Housing shortage fuels new home sales in July

New construction continues to bolster market despite headwinds

Housing shortage fuels new home sales in July

The new residential sector continued to outperform the resale market as new home sales rose 4.4% in July, according to newly released data by the Census Bureau.

The sales of new single-family homes were at a seasonally adjusted annualized rate (SAAR) of 714,000 in July, 4.4% above the downwardly revised reading of 684,000 units in June. The pace of new home sales was also up 31.5% from a year ago.

“Despite high mortgage rates and elevated pricing, new home sales have less competition from resales, allowing them to outperform due to the scarcity of available housing,” said Kelly Mangold, principal at RCLCO Real Estate Consulting. “Household formation continues to outpace new construction, which has continued to bolster the market despite the multitude of headwinds.”

Read more: Housing starts surge despite mixed economic signals

While the months’ supply dropped modestly to 7.3 months, the estimated number of homes for sale jumped 11.3% to an all-time high of 108,000 – suggesting that housing starts could continue to increase over the coming months if strong demand persists. The number of completed homes for sale grew 8.7% to 75,000, the highest level since April 2020, according to the report.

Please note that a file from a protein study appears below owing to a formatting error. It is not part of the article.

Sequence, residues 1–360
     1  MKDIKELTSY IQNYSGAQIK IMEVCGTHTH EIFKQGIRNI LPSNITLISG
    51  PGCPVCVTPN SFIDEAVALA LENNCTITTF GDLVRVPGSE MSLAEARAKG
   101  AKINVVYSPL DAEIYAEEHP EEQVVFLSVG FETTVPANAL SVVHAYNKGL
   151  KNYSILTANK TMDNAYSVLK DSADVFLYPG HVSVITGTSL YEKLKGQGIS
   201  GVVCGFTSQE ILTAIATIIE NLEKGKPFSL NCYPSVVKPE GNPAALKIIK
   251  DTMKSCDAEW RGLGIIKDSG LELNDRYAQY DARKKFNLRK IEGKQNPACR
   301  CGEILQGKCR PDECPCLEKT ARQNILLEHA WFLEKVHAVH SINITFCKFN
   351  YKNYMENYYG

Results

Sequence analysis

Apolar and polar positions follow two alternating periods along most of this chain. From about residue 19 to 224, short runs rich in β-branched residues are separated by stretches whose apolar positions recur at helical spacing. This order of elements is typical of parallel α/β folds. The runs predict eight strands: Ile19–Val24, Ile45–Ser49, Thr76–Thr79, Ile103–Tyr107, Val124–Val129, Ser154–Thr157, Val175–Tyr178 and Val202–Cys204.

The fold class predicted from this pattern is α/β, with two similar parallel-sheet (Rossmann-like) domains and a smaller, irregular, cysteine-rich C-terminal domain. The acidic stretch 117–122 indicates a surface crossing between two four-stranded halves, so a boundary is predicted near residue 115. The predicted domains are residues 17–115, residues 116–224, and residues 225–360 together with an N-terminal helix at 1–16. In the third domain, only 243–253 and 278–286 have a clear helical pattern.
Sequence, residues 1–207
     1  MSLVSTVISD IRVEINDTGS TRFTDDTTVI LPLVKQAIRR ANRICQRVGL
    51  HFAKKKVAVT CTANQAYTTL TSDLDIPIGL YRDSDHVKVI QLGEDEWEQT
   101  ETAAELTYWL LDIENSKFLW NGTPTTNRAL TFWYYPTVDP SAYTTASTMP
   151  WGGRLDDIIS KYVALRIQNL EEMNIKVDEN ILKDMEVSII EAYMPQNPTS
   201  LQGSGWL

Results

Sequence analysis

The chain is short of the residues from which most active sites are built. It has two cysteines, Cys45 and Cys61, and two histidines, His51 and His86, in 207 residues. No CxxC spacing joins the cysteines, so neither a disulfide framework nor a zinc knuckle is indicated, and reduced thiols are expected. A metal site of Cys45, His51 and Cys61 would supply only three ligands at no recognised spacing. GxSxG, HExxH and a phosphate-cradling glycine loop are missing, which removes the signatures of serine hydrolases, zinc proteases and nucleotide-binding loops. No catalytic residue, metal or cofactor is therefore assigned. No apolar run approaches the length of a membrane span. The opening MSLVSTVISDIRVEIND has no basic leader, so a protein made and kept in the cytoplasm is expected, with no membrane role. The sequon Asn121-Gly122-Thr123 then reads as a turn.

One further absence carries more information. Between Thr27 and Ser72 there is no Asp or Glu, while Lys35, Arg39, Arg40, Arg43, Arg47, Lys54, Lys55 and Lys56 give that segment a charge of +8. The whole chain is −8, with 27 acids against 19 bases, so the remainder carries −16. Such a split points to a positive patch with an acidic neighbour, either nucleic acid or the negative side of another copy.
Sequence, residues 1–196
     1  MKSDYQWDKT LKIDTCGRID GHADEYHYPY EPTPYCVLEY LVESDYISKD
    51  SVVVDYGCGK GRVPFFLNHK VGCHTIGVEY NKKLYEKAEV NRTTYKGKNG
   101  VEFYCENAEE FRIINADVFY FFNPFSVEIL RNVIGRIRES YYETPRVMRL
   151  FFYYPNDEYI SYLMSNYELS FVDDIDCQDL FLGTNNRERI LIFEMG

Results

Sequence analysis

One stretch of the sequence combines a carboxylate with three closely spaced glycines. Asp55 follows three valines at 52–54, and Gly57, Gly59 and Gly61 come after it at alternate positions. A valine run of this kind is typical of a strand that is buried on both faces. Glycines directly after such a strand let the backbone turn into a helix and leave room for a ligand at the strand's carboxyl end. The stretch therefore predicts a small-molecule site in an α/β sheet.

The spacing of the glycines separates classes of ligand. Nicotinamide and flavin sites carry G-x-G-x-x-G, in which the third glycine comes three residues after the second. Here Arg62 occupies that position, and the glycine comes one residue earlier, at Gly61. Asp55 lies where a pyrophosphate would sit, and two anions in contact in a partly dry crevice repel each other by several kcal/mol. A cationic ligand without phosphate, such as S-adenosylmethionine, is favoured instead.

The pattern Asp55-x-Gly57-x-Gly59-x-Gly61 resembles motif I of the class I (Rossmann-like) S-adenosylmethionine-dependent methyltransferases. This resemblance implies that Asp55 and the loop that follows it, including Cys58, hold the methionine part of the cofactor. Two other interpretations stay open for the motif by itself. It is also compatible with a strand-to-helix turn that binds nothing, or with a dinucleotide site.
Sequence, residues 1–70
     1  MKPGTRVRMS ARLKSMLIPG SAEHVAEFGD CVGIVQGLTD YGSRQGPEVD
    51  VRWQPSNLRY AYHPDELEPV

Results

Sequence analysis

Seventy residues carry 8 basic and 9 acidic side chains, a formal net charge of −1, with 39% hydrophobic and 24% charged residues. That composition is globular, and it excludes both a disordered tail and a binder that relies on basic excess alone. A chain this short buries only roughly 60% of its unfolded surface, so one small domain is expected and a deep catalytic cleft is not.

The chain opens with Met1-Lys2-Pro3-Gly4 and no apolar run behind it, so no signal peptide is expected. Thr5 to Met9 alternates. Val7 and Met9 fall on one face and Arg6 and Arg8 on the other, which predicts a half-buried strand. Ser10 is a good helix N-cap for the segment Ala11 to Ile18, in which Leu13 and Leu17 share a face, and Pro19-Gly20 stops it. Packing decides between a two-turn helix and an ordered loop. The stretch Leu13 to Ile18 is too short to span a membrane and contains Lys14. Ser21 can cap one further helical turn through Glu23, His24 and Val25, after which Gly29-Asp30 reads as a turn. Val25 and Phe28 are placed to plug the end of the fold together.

“The July report was in line with our expectation for new home sales; however, given that mortgage rates have again risen above 7%, we believe the risk to new home sales is to the downside,” Fannie Mae chief economist Doug Duncan said. “Of course, this may be partially offset as a rise in completed inventories may lead builders to offer more generous concessions to bolster demand.”

New home prices posted significant declines in July due to builder incentive use and a shift towards building slightly smaller homes. The median sales price of new houses sold in July fell 9% annually to $436,700.

“New home sales will likely weaken in August as higher interest rates price out prospective buyers,” said Robert Dietz, chief economist of the National Association of Home Builders.

“Attractive offers, including mortgage buydowns, have allowed builders to decrease monthly payments to a level that works for buyers,” Mangold added.

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